arbitrageur


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Related to arbitrageur: hedger

Arbitrageur

One who profits from the differences in price when the same, or extremely similar, security, currency, or commodity is traded on two or more markets. The arbitrageur profits by simultaneously purchasing and selling these securities to take advantage of pricing differentials (spreads) created by market conditions. See: Risk arbitrage, convertible arbitrage, index arbitrage, and international arbitrage.

Arbitrageur

A trader who practices arbitrage. That is, an arbitrageur attempts to profit from inefficiencies in price by making transactions that offset each other. For example, one may buy a security at a low price, and, within a few seconds, re-sell it to a willing buyer at a higher price. Arbitrageurs can keep prices relatively stable as markets attempt to resist their attempts at price exploitation. They often use computer programs because their transactions can be complex and occur in rapid succession.

arbitrageur

One who engages in arbitrage. Also called arb.

arbitrageur

a person or firm which purchases SHARES in a company and other FINANCIAL SECURITIES in the hope of making a windfall profit. Arbitrageurs deliberately put a company into ‘play’; that is, by making strategic share purchases in the company the arbitrageur fuels SPECULATION that a TAKEOVER BID is in the offing, causing the company's share price to rise. The arbitrageur then sells off his stake at a suitable profit. See ARBITRAGE.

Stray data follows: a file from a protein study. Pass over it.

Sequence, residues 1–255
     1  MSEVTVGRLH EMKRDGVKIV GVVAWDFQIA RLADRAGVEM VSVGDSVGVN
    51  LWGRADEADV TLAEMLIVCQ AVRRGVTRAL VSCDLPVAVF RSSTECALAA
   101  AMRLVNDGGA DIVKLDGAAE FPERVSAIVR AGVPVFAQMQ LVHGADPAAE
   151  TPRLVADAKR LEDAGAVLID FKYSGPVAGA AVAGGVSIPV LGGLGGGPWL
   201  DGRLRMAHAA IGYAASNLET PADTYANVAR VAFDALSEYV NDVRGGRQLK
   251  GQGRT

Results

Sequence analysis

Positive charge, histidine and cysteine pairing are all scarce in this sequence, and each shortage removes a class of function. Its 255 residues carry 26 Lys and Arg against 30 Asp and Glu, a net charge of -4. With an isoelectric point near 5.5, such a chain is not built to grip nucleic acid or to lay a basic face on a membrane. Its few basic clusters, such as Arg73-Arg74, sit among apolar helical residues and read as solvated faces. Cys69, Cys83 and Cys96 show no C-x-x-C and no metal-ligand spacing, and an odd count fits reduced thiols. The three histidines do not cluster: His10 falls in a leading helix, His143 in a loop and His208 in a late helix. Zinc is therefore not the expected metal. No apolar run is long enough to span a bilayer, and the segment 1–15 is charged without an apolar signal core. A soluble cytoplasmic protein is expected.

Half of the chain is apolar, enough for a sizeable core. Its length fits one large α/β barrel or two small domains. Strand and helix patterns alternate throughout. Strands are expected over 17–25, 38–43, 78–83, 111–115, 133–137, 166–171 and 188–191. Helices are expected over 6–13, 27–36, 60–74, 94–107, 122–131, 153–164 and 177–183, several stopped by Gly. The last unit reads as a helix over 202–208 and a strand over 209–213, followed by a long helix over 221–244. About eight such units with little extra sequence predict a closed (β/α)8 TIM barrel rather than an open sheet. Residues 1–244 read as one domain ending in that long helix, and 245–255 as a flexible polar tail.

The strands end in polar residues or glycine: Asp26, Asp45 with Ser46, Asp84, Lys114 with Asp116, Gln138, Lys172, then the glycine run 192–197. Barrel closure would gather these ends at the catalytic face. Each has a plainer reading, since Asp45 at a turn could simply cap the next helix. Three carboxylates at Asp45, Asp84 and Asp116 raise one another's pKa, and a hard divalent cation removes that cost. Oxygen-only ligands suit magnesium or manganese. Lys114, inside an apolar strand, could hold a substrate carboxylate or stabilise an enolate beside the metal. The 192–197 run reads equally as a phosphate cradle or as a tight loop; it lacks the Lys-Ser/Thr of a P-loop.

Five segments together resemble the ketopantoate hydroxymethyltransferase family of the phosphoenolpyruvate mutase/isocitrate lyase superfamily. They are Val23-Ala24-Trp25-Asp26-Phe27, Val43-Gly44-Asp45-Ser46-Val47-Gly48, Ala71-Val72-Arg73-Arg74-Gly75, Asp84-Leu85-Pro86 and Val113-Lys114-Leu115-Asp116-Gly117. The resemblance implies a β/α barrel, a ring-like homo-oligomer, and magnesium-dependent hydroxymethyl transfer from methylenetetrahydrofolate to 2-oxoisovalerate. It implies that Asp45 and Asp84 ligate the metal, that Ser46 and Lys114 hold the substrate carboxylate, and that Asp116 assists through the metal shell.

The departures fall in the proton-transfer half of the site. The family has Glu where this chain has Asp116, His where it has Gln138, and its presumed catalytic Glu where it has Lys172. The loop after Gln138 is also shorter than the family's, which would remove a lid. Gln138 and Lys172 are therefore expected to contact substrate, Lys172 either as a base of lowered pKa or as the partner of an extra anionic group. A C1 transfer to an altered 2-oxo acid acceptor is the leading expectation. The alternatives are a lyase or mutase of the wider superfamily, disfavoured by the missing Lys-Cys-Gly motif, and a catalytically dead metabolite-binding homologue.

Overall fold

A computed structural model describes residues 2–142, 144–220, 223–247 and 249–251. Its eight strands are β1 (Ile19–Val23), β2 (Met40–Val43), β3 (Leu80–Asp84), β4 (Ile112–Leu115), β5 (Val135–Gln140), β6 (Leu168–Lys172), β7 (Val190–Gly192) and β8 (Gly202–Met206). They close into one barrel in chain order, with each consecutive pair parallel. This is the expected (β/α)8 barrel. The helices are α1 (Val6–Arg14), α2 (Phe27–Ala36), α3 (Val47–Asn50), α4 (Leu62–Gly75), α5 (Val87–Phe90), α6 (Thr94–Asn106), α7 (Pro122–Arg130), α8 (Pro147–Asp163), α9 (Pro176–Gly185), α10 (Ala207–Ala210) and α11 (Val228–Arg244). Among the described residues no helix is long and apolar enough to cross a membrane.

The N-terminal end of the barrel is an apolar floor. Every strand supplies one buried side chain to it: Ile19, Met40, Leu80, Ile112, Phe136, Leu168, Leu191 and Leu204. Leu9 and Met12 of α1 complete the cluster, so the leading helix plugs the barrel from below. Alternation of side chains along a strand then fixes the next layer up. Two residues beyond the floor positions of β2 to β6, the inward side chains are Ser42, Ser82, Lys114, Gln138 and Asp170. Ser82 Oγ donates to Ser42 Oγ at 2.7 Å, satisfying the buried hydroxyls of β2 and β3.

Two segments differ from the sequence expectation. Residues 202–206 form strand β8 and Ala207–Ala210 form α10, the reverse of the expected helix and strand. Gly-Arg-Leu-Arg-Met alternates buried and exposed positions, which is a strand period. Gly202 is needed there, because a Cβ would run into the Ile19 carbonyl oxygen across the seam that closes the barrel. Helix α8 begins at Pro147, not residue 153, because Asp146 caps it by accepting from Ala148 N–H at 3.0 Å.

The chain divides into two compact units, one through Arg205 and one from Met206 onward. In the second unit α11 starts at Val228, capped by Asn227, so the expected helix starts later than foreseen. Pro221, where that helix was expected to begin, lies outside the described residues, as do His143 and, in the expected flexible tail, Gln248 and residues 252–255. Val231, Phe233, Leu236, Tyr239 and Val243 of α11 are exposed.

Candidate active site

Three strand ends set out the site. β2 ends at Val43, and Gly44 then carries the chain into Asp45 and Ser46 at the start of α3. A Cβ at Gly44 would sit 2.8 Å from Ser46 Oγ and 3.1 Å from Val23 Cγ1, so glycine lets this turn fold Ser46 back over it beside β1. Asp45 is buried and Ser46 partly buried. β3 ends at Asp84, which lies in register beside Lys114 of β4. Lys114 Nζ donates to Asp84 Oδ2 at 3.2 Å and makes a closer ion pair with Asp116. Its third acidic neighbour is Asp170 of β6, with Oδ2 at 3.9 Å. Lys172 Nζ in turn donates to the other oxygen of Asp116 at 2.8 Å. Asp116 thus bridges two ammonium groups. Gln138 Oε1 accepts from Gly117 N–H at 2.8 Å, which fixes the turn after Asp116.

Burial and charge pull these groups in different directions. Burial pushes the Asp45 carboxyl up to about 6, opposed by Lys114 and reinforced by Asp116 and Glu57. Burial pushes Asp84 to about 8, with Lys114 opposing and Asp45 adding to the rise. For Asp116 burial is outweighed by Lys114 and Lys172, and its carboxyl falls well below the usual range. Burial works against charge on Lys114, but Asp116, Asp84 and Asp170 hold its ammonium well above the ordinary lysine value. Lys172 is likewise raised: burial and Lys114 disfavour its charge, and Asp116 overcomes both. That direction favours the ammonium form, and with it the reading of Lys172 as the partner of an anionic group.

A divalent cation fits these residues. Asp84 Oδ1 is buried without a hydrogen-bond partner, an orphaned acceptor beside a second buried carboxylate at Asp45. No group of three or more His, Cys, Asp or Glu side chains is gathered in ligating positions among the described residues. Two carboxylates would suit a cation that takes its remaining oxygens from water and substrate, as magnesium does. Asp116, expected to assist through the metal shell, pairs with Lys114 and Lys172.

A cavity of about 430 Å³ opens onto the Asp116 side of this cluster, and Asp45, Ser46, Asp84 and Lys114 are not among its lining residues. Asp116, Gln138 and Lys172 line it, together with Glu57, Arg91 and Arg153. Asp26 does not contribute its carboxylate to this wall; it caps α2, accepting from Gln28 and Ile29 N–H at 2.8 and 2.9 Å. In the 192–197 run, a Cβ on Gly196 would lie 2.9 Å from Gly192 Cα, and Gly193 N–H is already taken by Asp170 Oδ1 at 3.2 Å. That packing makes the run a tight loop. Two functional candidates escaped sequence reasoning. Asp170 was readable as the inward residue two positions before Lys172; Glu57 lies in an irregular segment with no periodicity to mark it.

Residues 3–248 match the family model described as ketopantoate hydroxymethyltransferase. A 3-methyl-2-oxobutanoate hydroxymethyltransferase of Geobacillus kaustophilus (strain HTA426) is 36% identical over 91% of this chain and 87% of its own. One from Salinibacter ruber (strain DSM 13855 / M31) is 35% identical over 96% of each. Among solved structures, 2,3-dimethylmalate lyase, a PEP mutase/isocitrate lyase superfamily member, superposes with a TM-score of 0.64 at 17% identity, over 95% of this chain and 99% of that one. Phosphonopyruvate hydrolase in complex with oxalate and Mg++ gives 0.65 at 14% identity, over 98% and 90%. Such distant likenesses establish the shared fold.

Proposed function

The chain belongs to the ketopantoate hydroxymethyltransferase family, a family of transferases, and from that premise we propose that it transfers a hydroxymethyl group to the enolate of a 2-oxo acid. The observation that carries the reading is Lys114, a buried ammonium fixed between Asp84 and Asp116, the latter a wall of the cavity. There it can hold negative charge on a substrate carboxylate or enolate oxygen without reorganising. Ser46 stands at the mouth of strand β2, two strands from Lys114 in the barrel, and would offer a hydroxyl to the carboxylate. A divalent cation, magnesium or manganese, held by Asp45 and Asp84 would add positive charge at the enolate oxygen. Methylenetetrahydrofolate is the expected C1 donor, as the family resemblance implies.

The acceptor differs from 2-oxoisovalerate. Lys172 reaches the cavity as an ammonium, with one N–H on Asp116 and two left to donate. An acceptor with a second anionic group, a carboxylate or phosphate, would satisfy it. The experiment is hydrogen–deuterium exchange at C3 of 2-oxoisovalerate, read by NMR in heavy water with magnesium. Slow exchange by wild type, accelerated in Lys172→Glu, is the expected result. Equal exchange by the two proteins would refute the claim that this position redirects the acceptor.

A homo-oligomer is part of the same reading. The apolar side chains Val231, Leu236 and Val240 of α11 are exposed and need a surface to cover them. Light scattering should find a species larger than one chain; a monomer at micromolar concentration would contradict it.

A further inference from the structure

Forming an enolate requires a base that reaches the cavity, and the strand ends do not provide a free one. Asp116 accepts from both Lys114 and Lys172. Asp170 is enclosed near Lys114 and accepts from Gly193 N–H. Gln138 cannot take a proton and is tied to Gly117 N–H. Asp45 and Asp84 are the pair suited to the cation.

References in periodicals archive ?
In the latter case, the arbitrage violations persist due to "limits to arbitrage" such as the inability of arbitrageurs to raise capital quickly and/or their unwillingness to take large positions in these arbitrage trades because of mark-to-market risk.
[t.sub.c], giving appraisal arbitrageurs, on average, a seventy-four-day
"Equilibrium and Welfare in Markets with Financial Constrained Arbitrageurs." Journal of Financial Economics 66, nos.
Noise trader risk similarly reduces arbitrage effectiveness because arbitrageurs bear the risk that noise traders will continue to be irrational, therefore maintaining, or even increasing, the mispricing.
arbitrageurs to use, even putting mandatory disclosure aside.
Therefore, profit is made by the arbitrageur in all three possible outcomes.
A combination of rising stock prices and falling interest rates has forced many companies that have proposed leveraged buyouts to improve their offers to shareholders in recent months, and many arbitrageurs have accumulated Revco stock in the expectation that the drug chain would follow suit.
See Phillips and Smith (1980) for estimates of transactions costs incurred by arbitrageurs, option market makers and individual traders.
Terms which might warrant particular consideration are 'speculator', 'arbitrageur', 'co-ordinator' and the like.
Even though the arbitrageurs are trading gold, their transactions have little or no direct effect on the price of gold, the quantity of money, or the bond interest rate.
Real estate prices are rising to the point where the person buying property is less likely to be an artist than an arbitrageur. Locals worry that Big Sur will start to live not just with tourists but for them.